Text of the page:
The current data show for the first time that selective ETA receptor antagonism reduces novel cardiovascular risk factors in patients with proteinuric CKD established on optimal therapy. These data build on our earlier cross-sectional study, which showed that ADMA concentrations directly correlate with arterial stiffness, a powerful predictor of cardiovascular disease in patients with CKD. The mechanisms for these effects need to be further explored as a focus of future research. Certainly, reduction in BP is not sufficient because the active control agent nifedipine matched the decrease in BP seen with sitaxentan but did not reduce serum uric acid, ADMA, or urinary ET-1. Larger studies are needed to confirm these important findings in a group of patients at very high cardiovascular risk.

Concise Methods

The rationale and design for this study have been reported in detail elsewhere.21 In brief, in a randomized, double-blind, three-way crossover study, 27 patients receiving recommended renoprotective treatment underwent 6 weeks of placebo; sitaxentan, 100 mg once daily; and nifedipine long-acting, 30 mg once daily. Twenty-four-hour proteinuria, urine protein-to-creatinine ratio, 24-hour ambulatory BP, and PWV (as an index of arterial stiffness) were measured at baseline, week 3, and week 6 of each treatment period. ADMA, serum urate, plasma ET-1, and urine ET-1/creatinine were also assessed at these same time points. See Supplemental Table for baseline patient characteristics.

Sample Collection and Analysis

ADMA and ET-1 venous blood samples were collected in EDTA tubes, and urate was collected in serum tubes. These were immediately centrifuged at 2500 g for 20 minutes at 4°C. For urine ET-1, a 20-ml aliquot of urine was collected into plain tubes with 2.5 ml of 50% acetic acid. Samples were stored at −80°C until analysis.

Plasma ADMA concentrations were measured using an optimized and fully validated HPLC method, as previously described30 (assay variations, 1.9% and 2.3%).

After extraction,31 ET-1 was determined by radioimmunoassay.32 The mean recovery of ET-1, from extraction to assay, was >90% for both plasma and urine. The intra- and interassay variations were 6.3% and 7.2%, respectively. The cross-reactivity of the antibody was 100% with ET-1, 7% for both ET-2 and ET-3, and 10% with big ET-1.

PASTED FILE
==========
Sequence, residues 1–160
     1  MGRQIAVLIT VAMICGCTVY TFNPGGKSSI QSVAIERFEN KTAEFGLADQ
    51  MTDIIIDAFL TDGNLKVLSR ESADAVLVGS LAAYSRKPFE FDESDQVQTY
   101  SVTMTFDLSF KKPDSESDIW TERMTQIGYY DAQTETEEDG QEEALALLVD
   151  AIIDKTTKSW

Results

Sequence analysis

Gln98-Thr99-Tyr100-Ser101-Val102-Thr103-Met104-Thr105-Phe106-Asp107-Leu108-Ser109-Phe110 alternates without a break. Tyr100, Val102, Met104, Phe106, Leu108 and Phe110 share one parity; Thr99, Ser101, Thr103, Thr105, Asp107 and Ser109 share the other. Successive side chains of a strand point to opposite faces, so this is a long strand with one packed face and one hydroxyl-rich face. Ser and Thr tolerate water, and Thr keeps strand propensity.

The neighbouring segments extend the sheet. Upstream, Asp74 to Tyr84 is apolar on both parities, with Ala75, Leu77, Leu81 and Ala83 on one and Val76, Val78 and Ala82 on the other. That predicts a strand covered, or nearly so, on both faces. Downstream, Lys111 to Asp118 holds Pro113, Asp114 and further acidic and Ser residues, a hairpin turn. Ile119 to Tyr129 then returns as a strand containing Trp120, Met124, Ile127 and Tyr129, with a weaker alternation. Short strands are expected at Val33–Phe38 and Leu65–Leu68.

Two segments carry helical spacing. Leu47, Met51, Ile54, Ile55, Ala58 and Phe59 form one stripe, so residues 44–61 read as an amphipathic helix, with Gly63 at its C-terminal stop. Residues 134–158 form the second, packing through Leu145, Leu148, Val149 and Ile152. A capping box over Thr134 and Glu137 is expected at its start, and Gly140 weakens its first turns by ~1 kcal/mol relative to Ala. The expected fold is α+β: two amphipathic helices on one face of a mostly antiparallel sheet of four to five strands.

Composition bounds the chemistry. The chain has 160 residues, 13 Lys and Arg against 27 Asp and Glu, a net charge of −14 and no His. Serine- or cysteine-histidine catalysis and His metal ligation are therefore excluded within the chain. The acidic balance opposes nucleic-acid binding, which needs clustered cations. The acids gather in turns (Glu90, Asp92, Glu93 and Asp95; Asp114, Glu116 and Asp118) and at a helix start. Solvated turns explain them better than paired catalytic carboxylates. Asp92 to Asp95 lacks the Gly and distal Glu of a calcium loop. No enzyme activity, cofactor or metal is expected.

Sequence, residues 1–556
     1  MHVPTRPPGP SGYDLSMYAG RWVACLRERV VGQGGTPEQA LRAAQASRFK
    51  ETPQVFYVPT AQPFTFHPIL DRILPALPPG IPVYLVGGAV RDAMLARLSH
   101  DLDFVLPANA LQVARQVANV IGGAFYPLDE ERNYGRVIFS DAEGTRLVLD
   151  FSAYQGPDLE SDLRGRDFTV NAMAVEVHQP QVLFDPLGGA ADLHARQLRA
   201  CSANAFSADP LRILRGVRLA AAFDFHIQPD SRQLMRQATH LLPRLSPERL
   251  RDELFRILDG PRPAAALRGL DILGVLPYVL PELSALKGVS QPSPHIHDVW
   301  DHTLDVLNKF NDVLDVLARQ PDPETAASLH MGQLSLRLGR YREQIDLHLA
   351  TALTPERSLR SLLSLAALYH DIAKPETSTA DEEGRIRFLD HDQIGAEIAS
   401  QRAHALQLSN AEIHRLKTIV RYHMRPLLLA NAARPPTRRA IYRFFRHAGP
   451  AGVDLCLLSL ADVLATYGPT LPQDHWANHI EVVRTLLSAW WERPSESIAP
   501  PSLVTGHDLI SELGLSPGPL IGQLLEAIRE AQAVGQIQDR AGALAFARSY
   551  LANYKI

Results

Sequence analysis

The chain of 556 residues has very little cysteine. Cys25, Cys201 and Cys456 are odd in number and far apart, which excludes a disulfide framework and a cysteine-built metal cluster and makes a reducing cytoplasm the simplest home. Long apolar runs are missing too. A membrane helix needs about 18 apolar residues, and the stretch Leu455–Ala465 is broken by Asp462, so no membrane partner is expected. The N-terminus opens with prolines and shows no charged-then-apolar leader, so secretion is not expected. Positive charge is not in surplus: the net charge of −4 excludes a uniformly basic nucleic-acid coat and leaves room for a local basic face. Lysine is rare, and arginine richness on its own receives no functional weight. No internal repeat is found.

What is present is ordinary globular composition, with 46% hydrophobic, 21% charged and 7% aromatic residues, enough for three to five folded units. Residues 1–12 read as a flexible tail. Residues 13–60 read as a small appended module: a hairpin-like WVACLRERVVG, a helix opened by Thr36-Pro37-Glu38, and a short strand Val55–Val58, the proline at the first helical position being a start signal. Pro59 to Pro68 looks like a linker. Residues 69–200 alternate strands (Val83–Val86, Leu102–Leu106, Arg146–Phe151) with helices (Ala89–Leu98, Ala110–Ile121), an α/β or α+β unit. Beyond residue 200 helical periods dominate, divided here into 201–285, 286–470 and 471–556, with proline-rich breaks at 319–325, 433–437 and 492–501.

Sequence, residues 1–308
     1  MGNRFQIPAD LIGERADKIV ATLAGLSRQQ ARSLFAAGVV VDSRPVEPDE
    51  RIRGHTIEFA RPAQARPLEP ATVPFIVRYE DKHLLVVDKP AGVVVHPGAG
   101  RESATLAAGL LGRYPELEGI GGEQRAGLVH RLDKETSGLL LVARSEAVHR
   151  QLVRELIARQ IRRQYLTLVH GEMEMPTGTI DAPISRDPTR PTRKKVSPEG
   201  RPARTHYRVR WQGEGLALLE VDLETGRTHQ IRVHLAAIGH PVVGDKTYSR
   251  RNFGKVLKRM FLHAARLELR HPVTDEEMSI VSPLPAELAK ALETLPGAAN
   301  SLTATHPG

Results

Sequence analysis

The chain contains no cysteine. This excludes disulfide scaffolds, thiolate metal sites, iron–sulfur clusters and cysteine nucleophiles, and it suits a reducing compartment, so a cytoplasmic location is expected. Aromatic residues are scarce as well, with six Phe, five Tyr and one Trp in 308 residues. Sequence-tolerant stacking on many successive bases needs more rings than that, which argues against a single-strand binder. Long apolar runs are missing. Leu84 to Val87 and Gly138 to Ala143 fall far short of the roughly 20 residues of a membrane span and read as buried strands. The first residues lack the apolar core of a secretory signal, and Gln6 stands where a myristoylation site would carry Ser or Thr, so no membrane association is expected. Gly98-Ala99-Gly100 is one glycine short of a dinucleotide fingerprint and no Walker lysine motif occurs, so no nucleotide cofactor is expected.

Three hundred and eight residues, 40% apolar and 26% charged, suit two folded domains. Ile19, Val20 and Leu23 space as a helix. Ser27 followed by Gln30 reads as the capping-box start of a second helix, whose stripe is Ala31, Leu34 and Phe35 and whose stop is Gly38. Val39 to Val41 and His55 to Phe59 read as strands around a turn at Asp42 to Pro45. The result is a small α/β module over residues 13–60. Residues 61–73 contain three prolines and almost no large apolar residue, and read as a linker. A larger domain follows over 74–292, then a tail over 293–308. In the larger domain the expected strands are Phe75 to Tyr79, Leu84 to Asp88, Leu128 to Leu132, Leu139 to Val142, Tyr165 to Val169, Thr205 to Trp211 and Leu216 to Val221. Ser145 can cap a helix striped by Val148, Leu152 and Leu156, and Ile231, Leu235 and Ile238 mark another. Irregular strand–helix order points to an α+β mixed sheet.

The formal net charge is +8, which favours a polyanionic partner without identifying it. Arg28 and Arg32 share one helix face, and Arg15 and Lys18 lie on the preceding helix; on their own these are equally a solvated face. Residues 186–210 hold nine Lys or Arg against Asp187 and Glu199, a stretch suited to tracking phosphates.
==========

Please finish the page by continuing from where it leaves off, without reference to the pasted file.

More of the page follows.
The urate assay was based on the methods of Trivedi et al.33 Uric acid is oxidized to allantoin by uricase with the production of hydrogen peroxide. The hydrogen peroxide reacts with 4-aminoantipyrine and 2,4,6-tribromo-3-hydroxybenzoic acid in the presence of peroxidase to yield a quinoneimine dye. The resulting change in absorbance at 548 nm is proportional to the uric acid concentration in the sample. The limits of detection and quantification for the urate assay are 0.01 mmol/L and 0.015 mmol/L, respectively.

Statistical Analyses

Data were stored and analyzed in Microsoft Excel, version 11.3.7 (Microsoft Corp., Redmond, WA). Statistical analyses were performed on untransformed data. Responses were examined by repeated-measures ANOVA, and Bonferroni correction was used to assess significance at specific time points. Statistical significance was taken at the 5% level.


Sitaxentan has been voluntarily withdrawn by Pfizer Ltd. because of unacceptable adverse effects. However, the findings in this manuscript are likely to be representative of the effects of the class of selective ETA receptor antagonists.


N.D., J.G., and D.J.W. have received research grants from Pfizer. N.D. and J.G. have held academic research fellowships funded by educational grants from Pfizer. J.G. and D.J.W. have acted as consultants to Pfizer.

We would like to thank the study participants and Neil Davie and Simon Teal of Encysive, for their continued support through the study.

Registration number at www.clinicaltrials.gov: NCT00810732.

This study was funded by Encysive Pharmaceuticals and Pfizer. N.D. was supported by the British Heart Foundation (project grant PG/05/91) and NHS Endowments.

Published online ahead of print. Publication date available at www.jasn.org.

This article contains supplemental material online at http://jasn.asnjournals.org/lookup/suppl/doi:10.1681/ASN.2012040355/-/DCSupplemental.